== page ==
By Bill Kaufmann
Some Maine residents are denouncing Enmax’s earmarking of US$8.4 million to prevent a power utility from coming under state ownership.
Enmax, which since 2020 has owned Versant Power in the New England state, is lobbying to maintain private utilities operations that could be ended depending on the outcome of a November referendum.
Versant, along with Central Maine Power Co., which is owned by a Spain-based firm, are opposed to a proposal to bring the state’s two largest utilities under consumer-controlled Pine Tree Power.
“Maine would like to do what Calgary did years ago — have a publicly owned utility,” said Silkman, CEO of consultant firm Competitive Energy Services in Maine.
“We would like the citizens of Calgary to ask Enmax to butt out (of the referendum) — I’m sure if the shoe was on the other foot, the citizens of Calgary would do the same.”
Silkman said he suspects few in Calgary know of Enmax’s investment in Versant, which would mirror Maine residents’ awareness of the Calgary company’s involvement in their state’s electricity market.
Versant — which entered the Maine market on a $1.8-billion deal completed in 2020 — provides an annual dividend to Enmax, its parent company.
Enmax’s total dividend paid to city coffers in the past year was $82 million — the previous year it was $62 million.
According to Enmax’s 2022 financial report, Versant Power’s net earnings for that year were C$131 million.
Maine Residents Also Deserve Public Ownership: Advocate
Maine residents — who are facing ever-increasing electricity costs — deserve to enjoy the same benefit instead of seeing that money sent out-of-state, said Silkman.
He said Spanish-owned Iberdola, which controls Central Maine Power Co., is allied with Enmax in opposing the Pine Tree Power vision, pouring $18 million into the referendum campaign.
The Maine Ethics Commission website states Enmax’s Maine Energy Progress political action committee has so far earmarked $8.4 million for the effort.
Together with Central Maine Power’s investment, “it’s 20 or 30 to one in terms of spending (compared to Pine Tree’s campaign),” Silkman said.
“Because Versant is spending a lot of money, I suspect their internal polling shows they have a good chance of losing . . . that could be better spent on the people of Calgary.”
Aside from the dividend benefit, public ownership would also have borrowing advantages, meaning “there will be savings for Maine consumers, no doubt,” said Silkman.
Proponents of the change that would see Versant and Central Maine Power acquired through negotiation say the state’s ratepayers would save $9 billion over 30 years.
Maine, Silkman added, can’t count on foreign-owned utilities to upgrade its grid in response to climate change, which will cost billions of dollars and would be cheaper for a publicly owned utility to do.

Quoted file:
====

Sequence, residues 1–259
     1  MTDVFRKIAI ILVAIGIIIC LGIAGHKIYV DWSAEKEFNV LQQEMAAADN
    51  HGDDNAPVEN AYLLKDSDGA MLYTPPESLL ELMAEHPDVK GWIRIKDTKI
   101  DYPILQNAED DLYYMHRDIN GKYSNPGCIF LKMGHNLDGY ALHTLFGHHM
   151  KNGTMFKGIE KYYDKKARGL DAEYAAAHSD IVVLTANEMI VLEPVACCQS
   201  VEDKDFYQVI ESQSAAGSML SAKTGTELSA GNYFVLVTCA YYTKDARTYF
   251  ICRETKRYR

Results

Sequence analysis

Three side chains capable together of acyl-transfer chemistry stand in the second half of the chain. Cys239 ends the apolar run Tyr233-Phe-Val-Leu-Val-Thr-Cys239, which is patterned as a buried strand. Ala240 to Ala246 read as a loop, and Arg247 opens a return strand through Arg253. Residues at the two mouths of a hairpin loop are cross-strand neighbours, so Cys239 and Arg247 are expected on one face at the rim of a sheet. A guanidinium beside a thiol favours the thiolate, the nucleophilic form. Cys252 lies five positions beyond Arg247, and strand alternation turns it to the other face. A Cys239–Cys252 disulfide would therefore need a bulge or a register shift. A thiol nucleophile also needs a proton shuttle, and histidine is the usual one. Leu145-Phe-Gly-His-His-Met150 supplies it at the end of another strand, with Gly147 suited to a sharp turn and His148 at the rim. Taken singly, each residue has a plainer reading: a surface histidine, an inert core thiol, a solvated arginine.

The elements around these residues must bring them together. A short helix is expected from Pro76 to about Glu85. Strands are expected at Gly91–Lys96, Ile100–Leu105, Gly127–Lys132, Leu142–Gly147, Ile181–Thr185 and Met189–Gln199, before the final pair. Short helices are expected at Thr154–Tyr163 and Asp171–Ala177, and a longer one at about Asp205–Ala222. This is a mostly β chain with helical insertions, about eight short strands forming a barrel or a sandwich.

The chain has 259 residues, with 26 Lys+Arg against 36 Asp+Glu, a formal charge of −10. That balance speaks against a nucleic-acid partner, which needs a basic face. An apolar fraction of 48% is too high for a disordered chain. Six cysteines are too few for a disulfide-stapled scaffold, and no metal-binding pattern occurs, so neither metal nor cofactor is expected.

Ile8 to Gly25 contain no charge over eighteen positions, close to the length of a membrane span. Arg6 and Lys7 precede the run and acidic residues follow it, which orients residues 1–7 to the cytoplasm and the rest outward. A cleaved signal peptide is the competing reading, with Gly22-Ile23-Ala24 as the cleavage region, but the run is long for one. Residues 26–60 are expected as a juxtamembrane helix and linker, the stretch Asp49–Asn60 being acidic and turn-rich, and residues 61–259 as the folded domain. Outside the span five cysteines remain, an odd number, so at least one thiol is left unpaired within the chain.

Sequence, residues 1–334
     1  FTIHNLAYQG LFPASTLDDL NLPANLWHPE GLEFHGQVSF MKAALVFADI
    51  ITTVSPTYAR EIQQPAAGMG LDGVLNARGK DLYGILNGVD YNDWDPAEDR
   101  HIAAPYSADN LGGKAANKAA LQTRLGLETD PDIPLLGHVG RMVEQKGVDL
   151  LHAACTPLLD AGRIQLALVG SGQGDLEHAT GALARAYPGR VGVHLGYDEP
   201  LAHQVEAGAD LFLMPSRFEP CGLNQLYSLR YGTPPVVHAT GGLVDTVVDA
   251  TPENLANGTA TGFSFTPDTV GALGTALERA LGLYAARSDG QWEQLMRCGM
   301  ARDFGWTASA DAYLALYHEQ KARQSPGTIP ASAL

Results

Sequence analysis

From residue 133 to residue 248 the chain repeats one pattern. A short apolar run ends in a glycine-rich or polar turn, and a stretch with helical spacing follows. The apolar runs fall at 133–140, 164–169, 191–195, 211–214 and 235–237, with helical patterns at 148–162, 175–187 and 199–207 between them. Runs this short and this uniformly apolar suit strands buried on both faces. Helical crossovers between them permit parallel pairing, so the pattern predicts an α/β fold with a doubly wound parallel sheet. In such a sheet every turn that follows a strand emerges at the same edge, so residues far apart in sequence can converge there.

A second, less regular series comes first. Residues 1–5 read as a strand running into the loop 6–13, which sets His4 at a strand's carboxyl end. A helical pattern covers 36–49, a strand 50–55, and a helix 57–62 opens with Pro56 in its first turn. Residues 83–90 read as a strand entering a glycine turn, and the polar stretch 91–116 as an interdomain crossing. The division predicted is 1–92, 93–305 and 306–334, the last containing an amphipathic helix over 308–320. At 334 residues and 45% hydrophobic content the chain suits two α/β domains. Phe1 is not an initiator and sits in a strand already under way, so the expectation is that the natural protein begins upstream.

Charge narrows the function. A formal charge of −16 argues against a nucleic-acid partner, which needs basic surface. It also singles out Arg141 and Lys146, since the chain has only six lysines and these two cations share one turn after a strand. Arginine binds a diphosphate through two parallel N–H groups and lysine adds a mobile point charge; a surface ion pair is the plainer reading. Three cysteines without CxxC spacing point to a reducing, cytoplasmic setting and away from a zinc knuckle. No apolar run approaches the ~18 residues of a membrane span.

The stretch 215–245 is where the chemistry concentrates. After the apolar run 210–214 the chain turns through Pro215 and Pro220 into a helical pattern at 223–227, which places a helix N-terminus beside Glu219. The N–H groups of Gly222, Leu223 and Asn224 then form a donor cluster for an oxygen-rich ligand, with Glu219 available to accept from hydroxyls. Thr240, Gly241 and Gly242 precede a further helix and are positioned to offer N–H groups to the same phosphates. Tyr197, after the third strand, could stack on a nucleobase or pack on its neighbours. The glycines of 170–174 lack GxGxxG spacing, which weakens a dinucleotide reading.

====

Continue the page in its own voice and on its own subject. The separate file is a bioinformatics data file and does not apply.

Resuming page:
“Enmax isn’t spending nearly the amount of money needed to serve the energy needs of Maine consumers,” said economist Silkman.
That’s led to both foreign-owned utilities to rank at or near the bottom of customer service satisfaction rankings, he said.
Enmax Says Its Presence in Maine is Beneficial
In an email, Enmax said its acquisition of Versant and its referendum efforts haven’t affected Calgarians’ electricity rates and that its presence in Maine benefits both Calgarians and those in the New England state.
“The Maine Public Utilities Commission conducted a rigorous process to ensure Maine would see net benefits from the purchase, and confirmed residents would,” it stated.
“This (Pine Tree) proposal is not in the best interests of our customers or the State of Maine and would not result in better service or lower rates.”
The company said it’s opposed the same proposal twice in the past.
Enmax has No Choice but to be Involved in Referendum Campaign: Councilor
Enmax has no choice but to involve itself in the referendum campaign, said Calgary’s Ward 9 Coun. Gian-Carlo Carra.
“The ballot proposition is a major setback to the time and effort put into the new business plan, so Enmax has to do what it can to protect the investment we’ve made,” he said.
He said that years ago, Enmax pursued a vertical integration model to maximize profits but that’s proven less effective than Edmonton-based Epcor’s duplication/expansion policy.
“The move into Maine was Enmax’s pivot into that better value position for us shareholders,” said Carra.
It’s hard to say how much a loss in the upcoming referendum would cost Enmax and Calgary taxpayers, he said.
“If the proposition passes, the game plan would shift to preventing loss in the final settlement, but hopefully we don’t get to that point,” said Carra.
Photo by Alvin Engler